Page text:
Efforts to reduce or avoid bias in developing an AIML solution across various stages naturally lead to fairness in execution and results. Bias cannot occur on its own in the AIML stages by the system, but can result from human inputs.

For example, when preparing data for ML model training, one should have fairly distributed, unbiased data to prevent biased outcomes. Similarly, when labelling and grouping the data, training the model to simulate human-like thinking, deploying the model with knowledge gained from training, and interpreting the results from ML execution, it is essential to avoid pre-judgement or biased personal interests that could compromise fairness in building the entire system.

This includes avoiding race, income category, sexual orientation, gender, religion, marginalisation of the user and any discrimination of the user data when preparing the training data, as well as training the system and interpreting the results from the machine learning execution.

Various tools like IBM AI Fairness 360, Microsoft Fairlearn, and Google What-if are invaluable for validating and identifying if the training model and data collection has any bias in preparation and implementing fairness in the AI applications.

AI governance

AI governance is a set of principles, policies, and practices that organisations use to manage the development, deployment, and use of AI systems. It is important to have AI governance in place to ensure that AI systems are used in a responsible and ethical way while mitigating the risks associated with AI.

Some of the key aspects of AI governance are:

Data governance: Managing data used for training and deploying AI systems to ensure that the data is accurate, complete, and unbiased.

Algorithmic accountability: Ensuring that AI systems are transparent and explainable. It is important to be able to understand how AI systems make decisions to identify and address any biases or unfair outcomes.

Human oversight: Ensuring that humans are involved in the development and deployment of AI systems so that these systems are used in a safe and responsible way.

Risk management: Identifying and mitigating the risks associated with AI systems including bias, discrimination, and job displacement.

Evolution of AI trends in the next five years

Artificial intelligence (AI) is a rapidly evolving field, and several trends are expected to shape the industry in the next five years. Here are some upcoming AI trends.

  • Reinforcement learning and self-learning systems: These systems are expected to become more prevalent, capable of learning from their own experiences and improving their performance over time without human intervention.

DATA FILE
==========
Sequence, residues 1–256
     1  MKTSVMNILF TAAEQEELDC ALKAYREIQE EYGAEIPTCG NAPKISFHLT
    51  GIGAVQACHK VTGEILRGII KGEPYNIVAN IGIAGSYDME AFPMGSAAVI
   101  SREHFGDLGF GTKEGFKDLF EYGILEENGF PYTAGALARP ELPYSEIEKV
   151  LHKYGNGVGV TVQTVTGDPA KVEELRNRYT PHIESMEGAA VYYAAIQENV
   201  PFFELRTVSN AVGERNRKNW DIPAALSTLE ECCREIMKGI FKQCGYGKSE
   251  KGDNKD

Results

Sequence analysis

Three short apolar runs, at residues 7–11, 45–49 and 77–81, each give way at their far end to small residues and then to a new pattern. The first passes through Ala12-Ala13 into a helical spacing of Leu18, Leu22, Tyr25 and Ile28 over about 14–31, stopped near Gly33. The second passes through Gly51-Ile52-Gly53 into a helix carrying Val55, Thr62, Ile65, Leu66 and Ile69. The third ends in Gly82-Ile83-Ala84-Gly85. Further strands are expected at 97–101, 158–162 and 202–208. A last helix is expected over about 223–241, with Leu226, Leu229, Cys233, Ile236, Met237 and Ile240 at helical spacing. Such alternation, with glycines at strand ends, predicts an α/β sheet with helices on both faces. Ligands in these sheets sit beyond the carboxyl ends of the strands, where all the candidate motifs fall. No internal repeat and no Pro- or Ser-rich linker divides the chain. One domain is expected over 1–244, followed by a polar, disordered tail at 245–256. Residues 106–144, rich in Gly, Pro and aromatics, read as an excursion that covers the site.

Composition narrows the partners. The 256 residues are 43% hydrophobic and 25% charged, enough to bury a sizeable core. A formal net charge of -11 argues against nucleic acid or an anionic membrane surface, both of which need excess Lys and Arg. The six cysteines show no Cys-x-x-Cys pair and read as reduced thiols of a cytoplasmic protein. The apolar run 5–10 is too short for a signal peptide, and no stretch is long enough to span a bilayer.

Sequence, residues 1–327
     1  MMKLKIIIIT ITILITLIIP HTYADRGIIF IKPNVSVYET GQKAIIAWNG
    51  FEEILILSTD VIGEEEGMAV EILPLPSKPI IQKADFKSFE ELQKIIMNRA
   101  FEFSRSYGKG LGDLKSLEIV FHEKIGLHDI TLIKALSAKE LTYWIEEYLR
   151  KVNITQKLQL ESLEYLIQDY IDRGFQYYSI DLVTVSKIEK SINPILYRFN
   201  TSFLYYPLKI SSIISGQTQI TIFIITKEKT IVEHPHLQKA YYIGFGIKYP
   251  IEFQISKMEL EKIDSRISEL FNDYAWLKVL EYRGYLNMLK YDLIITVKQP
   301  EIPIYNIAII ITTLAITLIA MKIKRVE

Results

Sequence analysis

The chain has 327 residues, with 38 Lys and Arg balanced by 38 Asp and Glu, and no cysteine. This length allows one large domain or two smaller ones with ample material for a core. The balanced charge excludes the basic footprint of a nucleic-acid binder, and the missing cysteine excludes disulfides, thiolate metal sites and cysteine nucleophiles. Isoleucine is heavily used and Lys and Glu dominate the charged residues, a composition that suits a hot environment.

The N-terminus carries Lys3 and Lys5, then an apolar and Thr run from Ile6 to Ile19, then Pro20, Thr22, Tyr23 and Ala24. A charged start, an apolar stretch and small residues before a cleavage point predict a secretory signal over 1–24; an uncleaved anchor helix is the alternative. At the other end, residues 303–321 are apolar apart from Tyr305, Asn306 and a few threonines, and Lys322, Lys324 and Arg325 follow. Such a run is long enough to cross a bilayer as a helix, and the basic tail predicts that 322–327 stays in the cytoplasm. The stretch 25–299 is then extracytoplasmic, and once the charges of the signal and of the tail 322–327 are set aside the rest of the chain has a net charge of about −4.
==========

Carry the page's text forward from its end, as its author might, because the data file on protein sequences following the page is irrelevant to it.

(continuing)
• Autonomous vehicles: AI is a crucial component of autonomous vehicles, enabling them to perceive their surroundings and make decisions.
  • Generative AI: The use of generative AI to create new content, such as images, videos, and music is expected to expand across various industries, including entertainment and advertising.
  • Digital twinning: Creating digital replicas of physical objects or systems is set to become more prevalent in industries, including manufacturing and construction.
  • Federated learning: This is a distributed machine learning approach that allows AI models to be trained on data that remains on users’ devices. This can help to address privacy concerns and improve the security of AI systems.
  • Multimodal learning: AI models can learn from multiple data types, such as text, images, and audio. This can help to improve AI system accuracy and robustness.

These trends are expected to have a significant impact on various industries, including healthcare, transportation, cybersecurity, and entertainment. As the field of AI evolves, these trends will shape the future of many industries.

Previous articlePDF Tricks for the Linux Command-Line
Next articleThe Future Of Telephony Systems With ANANT UCS
The author is a Ph.D in artificial intelligence and the genetic algorithm. He currently works as a distinguished member of the technical staff and Principal Consultant in Wipro Ltd. The article expresses the view of the author and doesn’t express the view of his organisation.
The author works in a Graduate School, Duy Tan University in Vietnam. He loves to work and research on open source technologies, sensor communications, network security, Internet of Things etc. He can be reached at anandnayyar@duytan.edu.vn.


Please enter your comment!
Please enter your name here